Senate Banking Committee Chairman Christopher Dodd (D-Conn.) finally unveiled his financial reform legislation. It was not worth the wait.
It is indisputable that our financial regulatory system failed us miserably in the two decades following the severe banking and savings and loan crises of the 1980s. Neither the bill passed last year by the House nor the Dodd proposal offers serious reform of this badly broken system.
The government agencies many identify as playing leading roles in creating the crisis of 2008 include the Treasury, the Securities and Exchange Commission and the Federal Reserve. Inexplicably, the House bill and the Dodd proposal enlarge the roles of the Treasury and Fed, pretty much ignore the SEC and do almost nothing to change the structure of regulation.
For example, the Treasury, with the Fed at its right hand, is given responsibility to run a new Systemic Risk Council charged with identifying and dealing with developing threats to the financial system.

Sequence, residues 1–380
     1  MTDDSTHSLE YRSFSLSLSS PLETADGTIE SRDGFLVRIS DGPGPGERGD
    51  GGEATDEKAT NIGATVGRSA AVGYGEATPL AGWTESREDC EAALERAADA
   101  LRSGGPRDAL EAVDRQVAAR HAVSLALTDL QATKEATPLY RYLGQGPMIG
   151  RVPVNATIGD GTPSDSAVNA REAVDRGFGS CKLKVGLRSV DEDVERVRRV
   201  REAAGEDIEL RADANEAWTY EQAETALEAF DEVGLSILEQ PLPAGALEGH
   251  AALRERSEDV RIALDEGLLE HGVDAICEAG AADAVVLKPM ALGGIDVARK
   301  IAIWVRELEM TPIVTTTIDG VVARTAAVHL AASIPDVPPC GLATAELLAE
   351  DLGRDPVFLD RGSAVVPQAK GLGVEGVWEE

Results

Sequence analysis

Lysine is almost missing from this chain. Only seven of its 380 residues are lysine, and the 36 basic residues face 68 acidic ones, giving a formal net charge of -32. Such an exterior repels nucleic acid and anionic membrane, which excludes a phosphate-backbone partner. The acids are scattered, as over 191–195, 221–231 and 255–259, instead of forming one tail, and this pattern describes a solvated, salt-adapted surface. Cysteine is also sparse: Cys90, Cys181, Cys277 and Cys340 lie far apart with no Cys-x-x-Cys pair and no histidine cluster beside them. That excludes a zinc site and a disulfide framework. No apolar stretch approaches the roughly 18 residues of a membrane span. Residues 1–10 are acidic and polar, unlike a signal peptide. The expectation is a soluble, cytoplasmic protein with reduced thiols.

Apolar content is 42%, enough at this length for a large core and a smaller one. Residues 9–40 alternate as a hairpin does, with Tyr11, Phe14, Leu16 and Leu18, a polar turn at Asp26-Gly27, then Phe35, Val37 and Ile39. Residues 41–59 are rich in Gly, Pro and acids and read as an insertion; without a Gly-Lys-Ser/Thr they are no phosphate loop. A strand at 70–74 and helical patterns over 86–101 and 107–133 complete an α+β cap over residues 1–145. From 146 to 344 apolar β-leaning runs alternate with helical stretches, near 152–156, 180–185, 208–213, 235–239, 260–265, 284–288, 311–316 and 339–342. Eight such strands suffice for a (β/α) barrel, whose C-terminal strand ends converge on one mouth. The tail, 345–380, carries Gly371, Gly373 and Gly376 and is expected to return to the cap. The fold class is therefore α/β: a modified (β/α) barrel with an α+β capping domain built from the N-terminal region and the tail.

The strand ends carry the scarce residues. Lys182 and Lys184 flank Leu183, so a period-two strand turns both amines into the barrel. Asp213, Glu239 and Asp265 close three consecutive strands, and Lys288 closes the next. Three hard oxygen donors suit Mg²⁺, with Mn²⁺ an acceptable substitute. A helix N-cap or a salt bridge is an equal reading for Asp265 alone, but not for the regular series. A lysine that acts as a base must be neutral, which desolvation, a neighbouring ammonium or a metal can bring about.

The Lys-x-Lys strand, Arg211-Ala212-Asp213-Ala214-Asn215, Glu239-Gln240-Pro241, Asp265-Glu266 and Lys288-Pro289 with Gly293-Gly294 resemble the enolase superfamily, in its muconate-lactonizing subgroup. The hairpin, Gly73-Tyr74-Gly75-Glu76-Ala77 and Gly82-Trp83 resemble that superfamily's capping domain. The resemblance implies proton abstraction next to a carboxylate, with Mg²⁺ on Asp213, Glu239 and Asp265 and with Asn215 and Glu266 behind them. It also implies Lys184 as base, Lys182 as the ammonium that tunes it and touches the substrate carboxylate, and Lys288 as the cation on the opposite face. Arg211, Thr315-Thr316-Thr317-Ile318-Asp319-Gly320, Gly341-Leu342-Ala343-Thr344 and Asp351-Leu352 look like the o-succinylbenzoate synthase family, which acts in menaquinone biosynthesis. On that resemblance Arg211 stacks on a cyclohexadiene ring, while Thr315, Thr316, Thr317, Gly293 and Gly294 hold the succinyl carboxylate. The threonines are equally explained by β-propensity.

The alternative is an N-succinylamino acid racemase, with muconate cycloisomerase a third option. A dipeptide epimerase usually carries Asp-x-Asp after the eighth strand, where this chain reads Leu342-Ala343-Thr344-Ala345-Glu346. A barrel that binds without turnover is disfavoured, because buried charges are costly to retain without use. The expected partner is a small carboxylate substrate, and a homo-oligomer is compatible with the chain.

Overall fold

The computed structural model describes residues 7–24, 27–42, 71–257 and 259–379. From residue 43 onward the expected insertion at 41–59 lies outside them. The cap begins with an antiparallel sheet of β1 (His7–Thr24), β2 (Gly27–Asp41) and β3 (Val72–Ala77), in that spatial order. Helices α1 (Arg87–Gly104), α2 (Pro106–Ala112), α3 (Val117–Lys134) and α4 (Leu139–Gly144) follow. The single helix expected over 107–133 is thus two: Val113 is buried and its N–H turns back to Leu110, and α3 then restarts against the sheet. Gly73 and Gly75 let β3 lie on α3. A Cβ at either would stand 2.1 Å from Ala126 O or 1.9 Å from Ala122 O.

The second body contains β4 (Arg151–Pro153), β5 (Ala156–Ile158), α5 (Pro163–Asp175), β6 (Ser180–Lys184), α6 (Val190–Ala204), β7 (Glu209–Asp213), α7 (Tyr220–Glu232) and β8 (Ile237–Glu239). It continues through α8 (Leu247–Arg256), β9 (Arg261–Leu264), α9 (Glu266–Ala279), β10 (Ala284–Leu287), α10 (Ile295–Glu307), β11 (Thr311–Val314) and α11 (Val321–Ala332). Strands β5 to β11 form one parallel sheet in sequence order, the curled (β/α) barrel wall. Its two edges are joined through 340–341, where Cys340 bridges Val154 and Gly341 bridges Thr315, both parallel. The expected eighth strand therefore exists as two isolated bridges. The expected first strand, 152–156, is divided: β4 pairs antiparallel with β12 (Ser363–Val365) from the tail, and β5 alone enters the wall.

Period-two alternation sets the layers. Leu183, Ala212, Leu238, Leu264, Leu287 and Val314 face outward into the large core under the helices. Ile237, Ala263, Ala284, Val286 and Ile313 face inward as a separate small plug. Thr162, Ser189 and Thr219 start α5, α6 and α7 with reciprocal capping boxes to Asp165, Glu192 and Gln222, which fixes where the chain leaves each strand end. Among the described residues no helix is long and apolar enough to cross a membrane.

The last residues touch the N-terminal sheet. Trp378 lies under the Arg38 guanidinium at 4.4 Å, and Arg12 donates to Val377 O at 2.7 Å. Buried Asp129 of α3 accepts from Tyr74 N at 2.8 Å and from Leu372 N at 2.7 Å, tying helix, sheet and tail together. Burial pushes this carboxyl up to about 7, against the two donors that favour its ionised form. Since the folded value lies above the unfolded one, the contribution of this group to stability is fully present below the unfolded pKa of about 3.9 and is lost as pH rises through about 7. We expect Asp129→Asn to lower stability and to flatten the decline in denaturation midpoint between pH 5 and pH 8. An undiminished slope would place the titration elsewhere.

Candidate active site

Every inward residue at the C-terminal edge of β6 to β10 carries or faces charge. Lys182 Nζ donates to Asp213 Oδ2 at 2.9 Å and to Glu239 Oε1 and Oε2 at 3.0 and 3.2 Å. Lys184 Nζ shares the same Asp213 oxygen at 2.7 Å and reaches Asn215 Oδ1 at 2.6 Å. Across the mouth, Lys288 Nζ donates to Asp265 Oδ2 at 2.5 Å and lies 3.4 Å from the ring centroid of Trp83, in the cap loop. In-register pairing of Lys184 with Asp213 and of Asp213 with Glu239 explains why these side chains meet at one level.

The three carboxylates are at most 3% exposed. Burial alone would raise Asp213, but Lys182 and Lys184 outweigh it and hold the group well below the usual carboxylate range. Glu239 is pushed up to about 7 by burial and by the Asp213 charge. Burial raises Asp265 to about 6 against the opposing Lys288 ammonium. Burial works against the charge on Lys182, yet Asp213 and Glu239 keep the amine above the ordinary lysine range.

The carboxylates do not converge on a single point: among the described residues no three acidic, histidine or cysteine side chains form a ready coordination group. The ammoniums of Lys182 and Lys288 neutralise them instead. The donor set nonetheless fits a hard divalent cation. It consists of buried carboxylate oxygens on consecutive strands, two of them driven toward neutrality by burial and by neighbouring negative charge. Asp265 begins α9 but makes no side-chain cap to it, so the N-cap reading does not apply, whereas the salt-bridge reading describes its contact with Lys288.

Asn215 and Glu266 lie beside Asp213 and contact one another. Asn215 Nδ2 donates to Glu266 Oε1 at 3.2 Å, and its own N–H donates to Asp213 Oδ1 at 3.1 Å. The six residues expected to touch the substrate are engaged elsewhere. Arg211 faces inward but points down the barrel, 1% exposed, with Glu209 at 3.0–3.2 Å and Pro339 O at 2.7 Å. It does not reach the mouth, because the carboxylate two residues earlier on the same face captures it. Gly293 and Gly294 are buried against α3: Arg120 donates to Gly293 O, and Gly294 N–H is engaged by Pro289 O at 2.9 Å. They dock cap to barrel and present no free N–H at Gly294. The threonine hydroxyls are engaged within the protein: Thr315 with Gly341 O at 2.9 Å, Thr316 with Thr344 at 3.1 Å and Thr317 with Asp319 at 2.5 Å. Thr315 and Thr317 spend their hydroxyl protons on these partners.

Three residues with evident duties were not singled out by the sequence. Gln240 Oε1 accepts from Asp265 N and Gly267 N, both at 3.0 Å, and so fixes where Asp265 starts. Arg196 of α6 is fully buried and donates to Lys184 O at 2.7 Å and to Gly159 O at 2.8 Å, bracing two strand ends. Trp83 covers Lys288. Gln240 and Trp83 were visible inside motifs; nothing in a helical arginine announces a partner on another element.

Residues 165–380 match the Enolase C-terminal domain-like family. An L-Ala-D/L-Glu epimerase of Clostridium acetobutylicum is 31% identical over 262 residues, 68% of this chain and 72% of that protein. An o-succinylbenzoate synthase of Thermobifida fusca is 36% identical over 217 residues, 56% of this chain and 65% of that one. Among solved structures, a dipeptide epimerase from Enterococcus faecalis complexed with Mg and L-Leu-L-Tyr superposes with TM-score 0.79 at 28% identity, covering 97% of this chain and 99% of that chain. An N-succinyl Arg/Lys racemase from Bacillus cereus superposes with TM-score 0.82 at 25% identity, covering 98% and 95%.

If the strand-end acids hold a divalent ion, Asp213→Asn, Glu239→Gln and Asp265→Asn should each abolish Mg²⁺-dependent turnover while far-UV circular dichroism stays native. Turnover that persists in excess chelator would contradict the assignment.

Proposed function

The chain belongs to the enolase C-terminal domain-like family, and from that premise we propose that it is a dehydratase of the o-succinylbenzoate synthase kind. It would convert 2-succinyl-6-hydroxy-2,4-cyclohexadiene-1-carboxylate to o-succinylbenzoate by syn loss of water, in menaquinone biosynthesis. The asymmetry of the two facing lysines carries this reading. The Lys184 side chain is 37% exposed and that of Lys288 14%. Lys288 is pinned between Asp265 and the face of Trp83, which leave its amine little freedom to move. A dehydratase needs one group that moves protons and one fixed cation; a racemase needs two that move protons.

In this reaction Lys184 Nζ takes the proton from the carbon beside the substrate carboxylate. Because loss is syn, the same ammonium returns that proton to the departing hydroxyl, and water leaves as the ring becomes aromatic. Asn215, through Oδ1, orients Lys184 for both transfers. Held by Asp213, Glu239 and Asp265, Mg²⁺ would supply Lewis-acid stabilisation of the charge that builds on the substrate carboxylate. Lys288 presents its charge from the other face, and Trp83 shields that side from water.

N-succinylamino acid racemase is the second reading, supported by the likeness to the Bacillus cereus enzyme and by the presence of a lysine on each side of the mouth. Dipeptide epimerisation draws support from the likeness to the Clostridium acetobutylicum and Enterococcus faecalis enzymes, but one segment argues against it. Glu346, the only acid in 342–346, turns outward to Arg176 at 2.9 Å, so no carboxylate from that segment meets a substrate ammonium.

That would be the same Treasury that, just a few years ago, justified the now discredited Basel II capital rules on the basis that the major U.S. banks were at a competitive disadvantage in the international financial markets because they had too much capital.
The same Treasury, during the 1980s, argued that the S&L industry did not have a solvency problem but instead had an earnings problem and advocated forcefully for allowing S&Ls to expand their activities and grow out of their problems – a policy that ultimately cost taxpayers $150 billion.
The same Treasury stood by while accounting rules on securitizations allowed trillions of dollars of loans to be removed from the balance sheets of financial firms, thereby escaping capital requirements and creating enormous risk in the financial system.